Cockroaches are household pests known for spreading bacteria and triggering allergies and asthma. These nocturnal pests come out at night to feed and hide in cracks and crevices during the day. Roaches are attracted to moisture and are most commonly found in bathrooms, kitchens, laundry rooms, basements, and drains. Because they are nocturnal, you may not notice you have a roach problem until a full blown cockroach infestation has set in. Spotting the signs of cockroaches can help you head off an infestation before it gets out of hand. Here are 7 signs you may have cockroaches.
Roaches Next Door
If your neighbors mention having a roach problem, especially if you live in an apartment, condo, or townhouse, the odds are likely that they will make their way over to your home, as well. One way to help prevent this is by getting rid of what attracts roaches in your home. Don’t put open food containers in the trash; don’t leave crumbs on the floor; clean up messes as they happen; keep garbage cans sealed; and try not to store outdoor trash cans near your home.
Roaches are attracted to moisture so they are often found in areas of high moisture in your home. In these areas, they will often produce dark, irregularly-shaped smear marks as they rest or crawl along walls. These smears are often seen on horizontal surfaces and where the wall and floor meet.
Roaches leave droppings behind wherever they are. The size and shape of droppings vary between species. Some species leave behind a small brown stain. German cockroaches leave behind pepper-like specks that can also resemble coffee grounds. The larger American cockroach species leaves behind droppings closer to a grain of rice. The most common places to check for droppings are floor corners, cabinets, under the fridge, and under the stove. It is important to clean any droppings up when you find them as they are known to spread bacteria.
Egg casings are long, hollow, light brown tubes that hold cockroach eggs, anywhere from 20 to 50 at a time. Although most species leave egg casings behind once the eggs are laid, some species actually carry them with them until their offspring hatch. Egg casings are usually found at the base of the refrigerator, in cabinets that store food, and near leaky pipes. If you find a casing that still has eggs in it, dispose of it by flushing it down the toilet.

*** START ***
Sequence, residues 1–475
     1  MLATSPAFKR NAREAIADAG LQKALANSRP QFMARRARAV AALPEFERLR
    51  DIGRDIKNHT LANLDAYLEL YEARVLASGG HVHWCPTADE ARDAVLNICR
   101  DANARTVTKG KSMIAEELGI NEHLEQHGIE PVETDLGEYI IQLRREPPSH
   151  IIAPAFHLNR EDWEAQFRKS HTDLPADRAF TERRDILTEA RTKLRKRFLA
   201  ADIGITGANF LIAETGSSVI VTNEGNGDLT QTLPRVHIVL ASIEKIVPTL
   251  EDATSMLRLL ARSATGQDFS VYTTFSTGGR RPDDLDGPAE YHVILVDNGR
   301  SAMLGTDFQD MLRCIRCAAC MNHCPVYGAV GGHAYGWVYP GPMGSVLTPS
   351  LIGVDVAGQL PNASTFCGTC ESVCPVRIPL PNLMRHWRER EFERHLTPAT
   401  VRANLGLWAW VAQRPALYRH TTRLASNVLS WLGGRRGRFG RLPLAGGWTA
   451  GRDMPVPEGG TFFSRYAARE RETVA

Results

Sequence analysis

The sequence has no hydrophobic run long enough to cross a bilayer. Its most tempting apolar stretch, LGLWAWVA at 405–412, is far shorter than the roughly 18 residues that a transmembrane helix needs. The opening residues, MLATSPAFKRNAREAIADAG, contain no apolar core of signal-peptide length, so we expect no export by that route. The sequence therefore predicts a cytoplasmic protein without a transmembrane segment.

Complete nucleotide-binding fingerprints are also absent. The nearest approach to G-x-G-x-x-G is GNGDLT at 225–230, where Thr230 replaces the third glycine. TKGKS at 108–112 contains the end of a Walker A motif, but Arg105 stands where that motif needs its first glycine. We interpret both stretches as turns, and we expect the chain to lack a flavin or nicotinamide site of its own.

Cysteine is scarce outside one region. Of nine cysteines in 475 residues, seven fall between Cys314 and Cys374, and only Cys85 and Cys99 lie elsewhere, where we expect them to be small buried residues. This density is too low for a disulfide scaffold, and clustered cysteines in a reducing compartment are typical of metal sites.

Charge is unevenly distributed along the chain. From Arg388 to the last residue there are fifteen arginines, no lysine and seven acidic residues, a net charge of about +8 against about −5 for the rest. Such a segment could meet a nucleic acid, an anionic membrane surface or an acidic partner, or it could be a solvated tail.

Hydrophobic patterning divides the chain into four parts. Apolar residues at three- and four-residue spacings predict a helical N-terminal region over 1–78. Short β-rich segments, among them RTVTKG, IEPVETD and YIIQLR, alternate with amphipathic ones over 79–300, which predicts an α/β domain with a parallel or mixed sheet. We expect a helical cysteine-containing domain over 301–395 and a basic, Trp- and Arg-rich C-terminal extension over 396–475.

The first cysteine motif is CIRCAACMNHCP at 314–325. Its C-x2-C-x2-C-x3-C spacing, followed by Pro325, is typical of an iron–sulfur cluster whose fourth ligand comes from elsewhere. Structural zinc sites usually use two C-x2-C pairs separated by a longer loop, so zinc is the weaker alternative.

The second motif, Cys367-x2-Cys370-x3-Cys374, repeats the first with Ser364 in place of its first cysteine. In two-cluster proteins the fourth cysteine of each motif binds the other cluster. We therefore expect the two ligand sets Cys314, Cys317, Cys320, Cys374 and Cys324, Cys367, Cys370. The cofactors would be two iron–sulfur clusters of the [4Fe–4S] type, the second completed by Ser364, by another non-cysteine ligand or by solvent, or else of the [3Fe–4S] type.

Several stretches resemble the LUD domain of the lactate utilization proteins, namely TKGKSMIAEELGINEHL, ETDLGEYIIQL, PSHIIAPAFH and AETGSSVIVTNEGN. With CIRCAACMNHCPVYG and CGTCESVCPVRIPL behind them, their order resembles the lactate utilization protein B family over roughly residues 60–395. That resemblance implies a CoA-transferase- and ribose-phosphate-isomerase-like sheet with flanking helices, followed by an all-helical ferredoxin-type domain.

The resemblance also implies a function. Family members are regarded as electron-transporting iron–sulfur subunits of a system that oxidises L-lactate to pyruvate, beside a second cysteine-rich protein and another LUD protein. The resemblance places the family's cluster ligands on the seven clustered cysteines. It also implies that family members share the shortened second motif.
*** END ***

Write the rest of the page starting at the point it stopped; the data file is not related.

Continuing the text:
Roaches and their feces give off a musky, unpleasant odor. While one roach usually doesn’t emit a strong enough odor to be detected by humans, when larger numbers of roaches get together the smell gets stronger and more easily detected. While the smell is usually associated with live roaches, dead cockroaches can also emit the odor as part of the decomposition process.
The feces and exoskeleton of cockroaches contain proteins that can trigger allergies and asthma. If you don’t usually have allergies and have symptoms appear without a known trigger; or your current allergy and asthma symptoms seem to get worse without a known trigger this may indicate the presence of cockroaches in your home. Symptoms include stuffy nose, wheezing, red itching eyes, shortness of breath, chest tightness, and the increased use of your inhaler.
If you see one roach, the odds are likely that there are many others present. Roaches are nocturnal and usually spotted at night. If you are seeing roaches during the day, overcrowding from an infestation may be forcing them out in the open.
The best way to avoid a roach infestation is to prevent them in the first place. Prevent cockroaches by:
- Thoroughly cleaning your home each week.
- Storing all food in tightly sealed containers.
- Cleaning up yard debris such as leaves or fallen tree limbs.
- Not letting shrubs, trees, or woodpiles touch your home.
- Remembering to clean under forgotten spaces such as under the fridge, stove, and inside cabinets.
If you have a problem with roaches or any other pest, contact your local pest control company for a free analysis and comprehensive treatment plan.